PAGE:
The Evaluation of Audio for EVP Evidence
September 2015

I'll start with the basics of my approach.  Learn to listen. I listen just like I am listening to music.  I have always
been one to follow individual instruments. I can separate out and isolate them, following them throughout the
piece. This is much easier with rock bands versus an orchestra because of the number of instruments involved,
the same for vocals.  With practice you begin to catch mistakes made by musicians and vocals that just don’t
quite meet, especially in harmonies. I have done this all my life so it is easy now.
So what does this have to do with EVP? How I catch EVP is listening and zeroing in on things that are out of
"harmony". I listen to the whole track to get the gist of the audio, noting the voices of our people and other folks
that may be there with us. Learn to identify voices and the small  things that are out of place with the
background. My mind clicks on things out of place. When that bell goes off in my head, I go back and listen
again. Most times it is nothing but an investigator changing the pitch of their voice or a sound  that resonated
strangely because of  acoustics.
Sometimes it is a true EVP.
In our early years of investigation, I listened to audio tracks directly from the recorder. This was OK but I ended
up missing a lot. With a pair of adequate but not quite state of the art head phones, I was able to hear some EVP
but I was missing more than I identified. How do I know this? I went back with some of the lessons I learned
along the way and re-listened to the same audio with surprising results.
For example, a fifty five minute slab of audio recorded in 2008  was reexamined  after a year. The first time, I
isolated eight EVP. With improved technique and better head phones, I found there were twenty eight!
So what changed?
The first thing was I had practiced  isolating things that did not belong. Secondly, I had changed
how I listened
to recordings. Instead of listening directly, I took the recording from the device and downloaded it to the
computer.
Initially we used magnetic tape. This was a difficult download because it required minute by minute download.
It is time consuming and includes tape hiss. We started using digital recorders.  These are small, compact,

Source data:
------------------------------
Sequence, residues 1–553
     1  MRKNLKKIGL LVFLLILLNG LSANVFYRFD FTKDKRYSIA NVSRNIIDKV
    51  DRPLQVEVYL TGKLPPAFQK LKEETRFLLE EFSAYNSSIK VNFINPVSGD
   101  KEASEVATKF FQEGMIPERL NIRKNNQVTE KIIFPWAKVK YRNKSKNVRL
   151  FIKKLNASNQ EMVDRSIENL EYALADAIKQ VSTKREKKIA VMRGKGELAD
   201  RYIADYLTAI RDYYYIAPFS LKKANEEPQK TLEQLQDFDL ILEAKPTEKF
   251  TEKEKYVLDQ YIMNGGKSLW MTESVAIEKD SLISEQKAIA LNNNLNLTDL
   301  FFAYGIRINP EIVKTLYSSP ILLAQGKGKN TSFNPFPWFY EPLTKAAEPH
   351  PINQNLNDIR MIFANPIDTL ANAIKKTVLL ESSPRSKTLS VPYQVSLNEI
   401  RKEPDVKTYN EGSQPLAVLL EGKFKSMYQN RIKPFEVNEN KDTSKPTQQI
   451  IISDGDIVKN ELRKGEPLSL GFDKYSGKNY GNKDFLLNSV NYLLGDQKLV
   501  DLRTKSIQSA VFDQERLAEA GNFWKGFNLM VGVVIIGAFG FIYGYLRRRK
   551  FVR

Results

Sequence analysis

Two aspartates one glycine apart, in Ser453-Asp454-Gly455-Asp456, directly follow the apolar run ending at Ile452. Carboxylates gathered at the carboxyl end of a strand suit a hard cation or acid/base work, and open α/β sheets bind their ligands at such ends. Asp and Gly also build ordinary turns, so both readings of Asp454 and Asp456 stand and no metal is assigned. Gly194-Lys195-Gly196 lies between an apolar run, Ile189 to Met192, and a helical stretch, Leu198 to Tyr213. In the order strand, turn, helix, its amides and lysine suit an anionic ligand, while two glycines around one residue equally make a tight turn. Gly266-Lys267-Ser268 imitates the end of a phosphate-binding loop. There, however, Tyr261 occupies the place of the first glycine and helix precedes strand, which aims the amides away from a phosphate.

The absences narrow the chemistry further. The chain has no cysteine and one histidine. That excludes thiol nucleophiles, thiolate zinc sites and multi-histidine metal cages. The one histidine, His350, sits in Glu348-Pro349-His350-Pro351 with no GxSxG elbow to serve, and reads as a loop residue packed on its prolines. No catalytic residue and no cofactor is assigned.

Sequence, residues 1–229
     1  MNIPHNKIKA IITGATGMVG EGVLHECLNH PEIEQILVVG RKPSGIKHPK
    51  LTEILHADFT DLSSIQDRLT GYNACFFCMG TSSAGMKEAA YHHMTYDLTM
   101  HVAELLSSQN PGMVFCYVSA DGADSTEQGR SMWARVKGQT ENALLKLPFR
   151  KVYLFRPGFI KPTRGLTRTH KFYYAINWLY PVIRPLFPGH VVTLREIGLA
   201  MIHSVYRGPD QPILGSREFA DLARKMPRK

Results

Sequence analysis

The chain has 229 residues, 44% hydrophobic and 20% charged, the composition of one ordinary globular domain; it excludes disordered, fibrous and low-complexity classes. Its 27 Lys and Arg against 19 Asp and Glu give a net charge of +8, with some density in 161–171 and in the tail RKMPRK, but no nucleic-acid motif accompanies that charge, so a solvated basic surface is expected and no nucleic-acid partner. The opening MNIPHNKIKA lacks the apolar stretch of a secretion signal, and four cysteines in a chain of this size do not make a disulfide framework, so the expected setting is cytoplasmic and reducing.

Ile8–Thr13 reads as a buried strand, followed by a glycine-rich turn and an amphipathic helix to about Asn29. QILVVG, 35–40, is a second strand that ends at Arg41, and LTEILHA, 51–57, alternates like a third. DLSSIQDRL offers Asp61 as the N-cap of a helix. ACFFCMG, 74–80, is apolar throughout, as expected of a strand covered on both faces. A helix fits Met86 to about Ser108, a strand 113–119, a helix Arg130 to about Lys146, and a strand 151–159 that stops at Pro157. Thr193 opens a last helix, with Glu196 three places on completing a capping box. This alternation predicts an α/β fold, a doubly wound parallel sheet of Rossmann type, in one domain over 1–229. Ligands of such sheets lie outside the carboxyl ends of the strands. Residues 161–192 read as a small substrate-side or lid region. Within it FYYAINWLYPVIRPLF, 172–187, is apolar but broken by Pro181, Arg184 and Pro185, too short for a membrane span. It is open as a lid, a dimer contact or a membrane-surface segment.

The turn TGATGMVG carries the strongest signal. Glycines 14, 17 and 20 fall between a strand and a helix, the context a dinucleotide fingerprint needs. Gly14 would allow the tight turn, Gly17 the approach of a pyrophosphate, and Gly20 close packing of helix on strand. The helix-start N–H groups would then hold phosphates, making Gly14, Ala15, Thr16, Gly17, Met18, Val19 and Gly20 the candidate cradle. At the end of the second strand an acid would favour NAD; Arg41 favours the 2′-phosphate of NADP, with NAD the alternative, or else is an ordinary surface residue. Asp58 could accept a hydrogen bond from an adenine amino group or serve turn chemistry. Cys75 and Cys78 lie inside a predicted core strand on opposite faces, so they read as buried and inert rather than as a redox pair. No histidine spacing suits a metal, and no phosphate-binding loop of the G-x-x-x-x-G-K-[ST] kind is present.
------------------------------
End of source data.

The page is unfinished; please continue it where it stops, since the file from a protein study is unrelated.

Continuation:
stereo recorders with USB download as an MP3 file. The difference is seconds versus hours and a better
recording. The reason I picked these recorders was because of sound quality and price. There are many great
digital recorders out there. You just have to choose the features you like.
As a routine,I download to the computer, and immediately make a CD of the audio for preservation. This way I
don’t worry about losing evidence. Only then do I use an audio editing program. I have tried  Sound Soap,
Audacity,and a few others,but I chose is Wave Pad. For me it was easy to use and had the tools I wanted for
clipping and sometimes modifying EVP.

Here is something that some may not have thought of, amplification! Many investigators I know plug their
headphones directly into the computer for analysis. I did this too for a while. I always have a set of high quality
speakers plugged in to my computer so why not add some amplification to what you are listening to by plugging
into the speaker head phone jack! This works very well! You can in turn adjust your head phone volume with
the speaker control.
An important technique is to reduce the base response from your recording. Many of the more expensive hand
held recorders like Sony, Panasonic, Bose add base to the track recorded, while the "electronic noise
cancellation" feature  often edits out "recorded noise" and don't really do much to deaden the noise from the
environment.  
Most manufacturers make what they call studio head phones that do two things:   One, they use mechanical
exterior noise reduction, and two, studio headphones reproduce the sound exactly as it was recorded, nothing
added. I use Sennheiser HD.

The last thing I want to talk about is clipping, and sound editing.  An ideal clip is one with little or no alterations
that includes a few moments before and after the sound. When that is impossible, clip may need amplification
or something else.  On the program, make a copy of the original and one to work with.  You may need to filter
out background noise, speed up or slow down a clip to understand it. Just remember, use the very minimum of
change to get the best result, and present both together. One other thing you may want to consider if you have
good sound quality but just can’t understand what is being said,  try playing the audio in reverse. That may
sound unscientific, but it has worked on occasion.
Now you have your clip, you cleaned it up, listened in reverse and still you are not sure of the words. Unplug
the headphones, set the audio in a loop and hit play. Count the syllables,or walk away and listen from a
distance. That may be all you need. All of a sudden everything becomes clear. Do not label the clip, but write
down your interpretation before bringing it for group review. Listening Panels are best practice for EVP, they're
fun and a good way to get a majority opinion as to its authenticity. Agreement on EVP can be difficult because
no two people hear the same. But when in doubt throw it out or mark it as low quality or questionable.
The way I do all this fits me, who I am and how I listen. It might not work for you. These are just tips and
suggestions. Find your best method and then refine it to a point you have reproducible results. After months
have passed, go through the track again. See if you pick out the same items. You may be surprised at what you
find the second time.

Record keeping is important!  I give each clip a specific code to make it easier to find later. PCP EVP codes
include the date, time of recording, location code and investigator initials.  Even after years or  several
investigations of the same site, you can  always return to  review the original  recording, hearing the clip  in